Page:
We would like to ensure that you are still receiving content that you find useful – please confirm that you would like to continue to receive ILO newsletters.
29 January 2021
Federal Law 152-FZ of 27 July 2006 on Personal Data (Personal Data Law) is the primary law regulating personal data processing operations and related protection issues in Russia. Among the special regimes set out in the Personal Data Law is that which concerns the processing of personal data which is made publicly available by the data subject.
On 30 December 2020 the president signed into law (after its adoption by Parliament) Draft Law 1057337-7 on the Amendment of the Personal Data Law, which makes certain amendments to the existing regulations concerning publicly available personal data. The new law was published on the Russian legal portal on 30 December 2020 and will become effective on 21 March 2021 (in terms of the new definition of 'public personal data') and 1 July 2021 (in terms of the main data processing aspects relating to public personal data) (effective dates).
The new law also concerns the protection of personal data which is made publicly available. It deals with particular situations where data users have published information about themselves (eg, on a website), resulting in the dissemination of such data by other persons.
The new law introduces the specific notion of 'personal data made publicly available'. This is defined as personal data to which the data subject gives an unlimited number of persons access by consenting to the processing of the data for further distribution pursuant to the order determined by the Personal Data Law.
In the existing Personal Data Law, the fact that personal data is made publicly available is among the special cases of data protection regulation (Article 6). Under the new law, the processing of this particular category of data will require the data subject's consent. Requirements with regard to the content of such consent will be set by the Federal Service for Supervision of Communications, Information Technology and Mass Media (Roskomnadzor).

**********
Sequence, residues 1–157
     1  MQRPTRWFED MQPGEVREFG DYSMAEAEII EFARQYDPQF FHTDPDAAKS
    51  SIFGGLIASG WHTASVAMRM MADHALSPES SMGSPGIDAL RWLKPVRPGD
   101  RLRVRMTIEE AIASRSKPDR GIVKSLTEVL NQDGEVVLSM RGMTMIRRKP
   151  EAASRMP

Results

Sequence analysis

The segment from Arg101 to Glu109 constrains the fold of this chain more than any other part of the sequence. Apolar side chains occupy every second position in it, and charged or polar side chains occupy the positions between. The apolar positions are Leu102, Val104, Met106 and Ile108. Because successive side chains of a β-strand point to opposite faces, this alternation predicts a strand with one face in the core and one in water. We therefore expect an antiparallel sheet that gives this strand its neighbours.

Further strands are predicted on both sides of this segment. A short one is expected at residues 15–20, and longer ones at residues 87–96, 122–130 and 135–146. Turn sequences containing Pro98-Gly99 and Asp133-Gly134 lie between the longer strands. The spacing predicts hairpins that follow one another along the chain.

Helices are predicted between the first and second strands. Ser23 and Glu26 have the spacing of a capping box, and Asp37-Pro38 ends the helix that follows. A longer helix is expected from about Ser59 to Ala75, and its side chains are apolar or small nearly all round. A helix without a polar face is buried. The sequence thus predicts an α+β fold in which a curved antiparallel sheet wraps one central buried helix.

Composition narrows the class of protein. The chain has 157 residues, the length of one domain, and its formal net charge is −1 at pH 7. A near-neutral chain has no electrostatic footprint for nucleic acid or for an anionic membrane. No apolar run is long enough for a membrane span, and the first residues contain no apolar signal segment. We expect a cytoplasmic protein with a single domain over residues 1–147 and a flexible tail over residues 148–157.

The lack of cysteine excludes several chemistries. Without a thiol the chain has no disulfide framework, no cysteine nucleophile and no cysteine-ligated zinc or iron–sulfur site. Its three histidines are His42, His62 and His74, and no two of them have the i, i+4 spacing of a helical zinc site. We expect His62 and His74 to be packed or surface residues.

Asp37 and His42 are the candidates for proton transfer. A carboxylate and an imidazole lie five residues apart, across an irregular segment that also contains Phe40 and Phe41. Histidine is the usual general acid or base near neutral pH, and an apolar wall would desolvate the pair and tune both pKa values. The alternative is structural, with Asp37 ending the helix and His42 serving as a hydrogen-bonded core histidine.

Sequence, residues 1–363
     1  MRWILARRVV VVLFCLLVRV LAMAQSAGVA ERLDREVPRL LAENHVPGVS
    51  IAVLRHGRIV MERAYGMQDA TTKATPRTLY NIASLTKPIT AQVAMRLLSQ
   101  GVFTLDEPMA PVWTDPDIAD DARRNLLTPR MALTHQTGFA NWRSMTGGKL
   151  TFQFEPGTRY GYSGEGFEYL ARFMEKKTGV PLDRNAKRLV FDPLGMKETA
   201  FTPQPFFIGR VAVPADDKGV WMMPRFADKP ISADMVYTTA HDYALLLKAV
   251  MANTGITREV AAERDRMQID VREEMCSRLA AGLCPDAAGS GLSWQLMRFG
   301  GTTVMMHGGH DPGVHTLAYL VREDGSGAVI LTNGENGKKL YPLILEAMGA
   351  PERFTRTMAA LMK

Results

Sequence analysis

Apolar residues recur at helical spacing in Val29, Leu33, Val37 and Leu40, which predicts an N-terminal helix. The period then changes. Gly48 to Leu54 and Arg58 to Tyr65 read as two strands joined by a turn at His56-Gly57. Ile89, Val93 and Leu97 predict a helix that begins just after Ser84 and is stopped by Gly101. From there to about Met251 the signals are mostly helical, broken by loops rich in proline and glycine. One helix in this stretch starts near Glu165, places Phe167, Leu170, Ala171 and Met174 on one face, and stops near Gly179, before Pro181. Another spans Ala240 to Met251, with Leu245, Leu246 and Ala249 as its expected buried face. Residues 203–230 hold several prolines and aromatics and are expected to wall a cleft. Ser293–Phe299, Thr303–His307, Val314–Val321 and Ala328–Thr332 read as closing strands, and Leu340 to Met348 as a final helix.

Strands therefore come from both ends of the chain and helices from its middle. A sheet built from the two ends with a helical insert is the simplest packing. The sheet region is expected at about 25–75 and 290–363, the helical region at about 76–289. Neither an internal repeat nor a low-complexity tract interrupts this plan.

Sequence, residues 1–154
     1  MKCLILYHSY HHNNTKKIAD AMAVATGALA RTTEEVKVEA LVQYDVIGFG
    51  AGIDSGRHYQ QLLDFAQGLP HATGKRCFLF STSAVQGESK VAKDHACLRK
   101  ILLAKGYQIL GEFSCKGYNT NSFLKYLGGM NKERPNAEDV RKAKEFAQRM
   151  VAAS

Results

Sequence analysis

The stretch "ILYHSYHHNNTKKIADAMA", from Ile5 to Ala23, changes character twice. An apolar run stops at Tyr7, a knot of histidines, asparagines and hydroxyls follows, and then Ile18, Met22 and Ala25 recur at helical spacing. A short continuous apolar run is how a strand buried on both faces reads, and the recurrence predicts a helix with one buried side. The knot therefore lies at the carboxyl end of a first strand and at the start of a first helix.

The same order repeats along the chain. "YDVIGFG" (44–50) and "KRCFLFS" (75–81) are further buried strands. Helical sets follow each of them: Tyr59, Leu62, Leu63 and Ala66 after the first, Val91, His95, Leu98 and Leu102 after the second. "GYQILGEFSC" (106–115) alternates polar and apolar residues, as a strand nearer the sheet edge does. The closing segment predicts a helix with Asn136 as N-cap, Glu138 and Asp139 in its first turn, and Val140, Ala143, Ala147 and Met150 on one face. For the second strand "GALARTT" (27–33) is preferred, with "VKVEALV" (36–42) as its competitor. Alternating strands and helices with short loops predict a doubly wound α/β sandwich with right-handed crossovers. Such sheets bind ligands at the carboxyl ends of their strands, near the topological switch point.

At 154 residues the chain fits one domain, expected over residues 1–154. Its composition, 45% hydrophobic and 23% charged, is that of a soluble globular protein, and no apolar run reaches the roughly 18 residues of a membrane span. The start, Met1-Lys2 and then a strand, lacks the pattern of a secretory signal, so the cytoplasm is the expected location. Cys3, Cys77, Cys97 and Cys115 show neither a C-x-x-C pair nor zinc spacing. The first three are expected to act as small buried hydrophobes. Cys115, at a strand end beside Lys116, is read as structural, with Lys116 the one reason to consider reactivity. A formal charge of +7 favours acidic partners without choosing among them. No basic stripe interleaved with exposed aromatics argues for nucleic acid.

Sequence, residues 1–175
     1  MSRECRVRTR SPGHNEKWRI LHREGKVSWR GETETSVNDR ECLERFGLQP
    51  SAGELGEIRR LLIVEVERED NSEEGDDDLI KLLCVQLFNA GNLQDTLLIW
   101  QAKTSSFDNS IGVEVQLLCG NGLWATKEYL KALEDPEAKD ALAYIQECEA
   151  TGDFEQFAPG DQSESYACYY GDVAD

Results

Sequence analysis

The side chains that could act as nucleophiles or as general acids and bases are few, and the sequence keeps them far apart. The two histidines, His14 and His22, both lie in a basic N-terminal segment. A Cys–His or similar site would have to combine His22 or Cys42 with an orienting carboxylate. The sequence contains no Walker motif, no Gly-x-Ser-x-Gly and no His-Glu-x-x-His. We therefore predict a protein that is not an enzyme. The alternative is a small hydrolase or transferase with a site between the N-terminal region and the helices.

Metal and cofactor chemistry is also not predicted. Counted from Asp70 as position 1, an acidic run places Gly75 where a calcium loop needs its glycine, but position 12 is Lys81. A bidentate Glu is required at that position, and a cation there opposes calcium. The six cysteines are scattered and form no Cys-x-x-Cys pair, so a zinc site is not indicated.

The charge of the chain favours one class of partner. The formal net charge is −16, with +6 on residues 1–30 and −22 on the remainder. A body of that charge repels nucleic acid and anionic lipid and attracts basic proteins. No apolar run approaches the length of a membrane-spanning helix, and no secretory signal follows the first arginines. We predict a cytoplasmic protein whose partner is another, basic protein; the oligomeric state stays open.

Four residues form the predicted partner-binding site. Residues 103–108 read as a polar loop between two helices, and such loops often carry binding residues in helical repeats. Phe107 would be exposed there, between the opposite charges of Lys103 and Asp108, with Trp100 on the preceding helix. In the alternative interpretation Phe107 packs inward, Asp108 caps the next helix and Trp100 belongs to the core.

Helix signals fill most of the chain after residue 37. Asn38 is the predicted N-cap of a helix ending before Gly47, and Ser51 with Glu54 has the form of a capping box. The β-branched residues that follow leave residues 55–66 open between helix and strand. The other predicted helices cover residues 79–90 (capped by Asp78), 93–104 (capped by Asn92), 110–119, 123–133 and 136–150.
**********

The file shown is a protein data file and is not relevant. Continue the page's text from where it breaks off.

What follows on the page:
Therefore, as soon as the new law enters into effect, the processing of personal data made public by the personal data subject will become subject to the special legal regime, implying the need for the data subject to give their explicit consent.
The new law also introduces Article 10.1 to the Personal Data Law, which specifically provides the following conditions and restrictions for the processing of personal data made publicly available:
These requirements (conditions and restrictions) do not apply in the event of data processing which aims to fulfil the functions, powers and duties imposed by Russian law on federal executive bodies, executive bodies of constituent entities of Russian or local self-government bodies.
Immediately after the effective dates, when the new law becomes valid and fully applicable, businesses and respective data operators will have to comply with the special regime of protection for public personal data, as outlined above. Of course, certain preparatory actions must be taken in advance to avoid data breaches in this respect and relevant liability under Russian law.
As a first step, data operators should review their internal data protection policies and documents, especially those governing business processes and specific processing operations relating to public personal data, and assess whether such activities would contradict the new requirements. If this is the case, certain adaptions and corrections will have to be made from a legal and organisational perspective.
For further information on this topic please contact Sergey Medvedev or Ilya Goryachev at Gorodissky & Partners by telephone (+7 495 937 6116) or email (firstname.lastname@example.org) or email@example.com). The Gorodissky & Partners website can be accessed at www.gorodissky.com.
The materials contained on this website are for general information purposes only and are subject to the disclaimer.
ILO is a premium online legal update service for major companies and law firms worldwide. In-house corporate counsel and other users of legal services, as well as law firm partners, qualify for a free subscription.